Popkowski called the clinic in June 2009 to complain about delays in receiving his medication. During that call, he reportedly made threatening comments, which were reported to VA Police and local law enforcement.
Prior threats known
The VA's Disruptive Behavior Committee discussed Popkowski's threats, and in March 2010 sent Popkowski a letter informing him he could only be treated at Togus' main campus.
"The letter also stated that his medications would be renewed for 30 days only and that if he missed appointments, his medications would be discontinued," Daigh wrote.
Popkowski met with a new primary care physician at Togus in May 2009.
"According to the provider's notes, the veteran became upset when he found out that the provider was not fully aware of his past medication history," Daigh wrote. "He left before the visit was complete."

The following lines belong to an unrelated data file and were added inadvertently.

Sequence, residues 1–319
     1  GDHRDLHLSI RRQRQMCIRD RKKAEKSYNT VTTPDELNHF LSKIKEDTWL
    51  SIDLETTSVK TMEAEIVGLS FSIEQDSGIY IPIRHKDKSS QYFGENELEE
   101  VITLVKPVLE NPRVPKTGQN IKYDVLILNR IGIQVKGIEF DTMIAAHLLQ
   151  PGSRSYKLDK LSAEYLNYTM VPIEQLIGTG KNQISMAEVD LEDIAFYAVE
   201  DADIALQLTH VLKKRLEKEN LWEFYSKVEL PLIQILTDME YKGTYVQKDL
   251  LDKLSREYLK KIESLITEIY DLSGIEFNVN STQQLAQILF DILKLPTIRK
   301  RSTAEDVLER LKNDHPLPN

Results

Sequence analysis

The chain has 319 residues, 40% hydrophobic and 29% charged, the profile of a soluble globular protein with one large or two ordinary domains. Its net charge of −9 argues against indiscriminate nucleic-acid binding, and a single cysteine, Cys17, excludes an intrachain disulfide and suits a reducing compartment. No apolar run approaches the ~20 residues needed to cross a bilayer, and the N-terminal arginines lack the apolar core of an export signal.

Throughout his treatment, Popkowski sought compensation from the Veterans Benefits Administration for numerous conditions. The process for receiving those benefits included a compensation and pension medical examination.
The benefits administration requested another exam in March 2010 due to "possible worsening" of Popkowski's depression.
But he missed a scheduled exam in April, prompting officials to reduce his benefits involving care for depression.
"In late June 2010, VBA sent a letter to the veteran notifying him of the reduction in benefits," Daigh wrote. "An excerpt from the letter stated ... because you did not report for a required examination, the law says we must change the evaluation of your service-connected disability that is subject to improvement ... Your (cancer) which was 100 percent, is now considered 0 percent disabling."
Popkowski was dead less than a month later.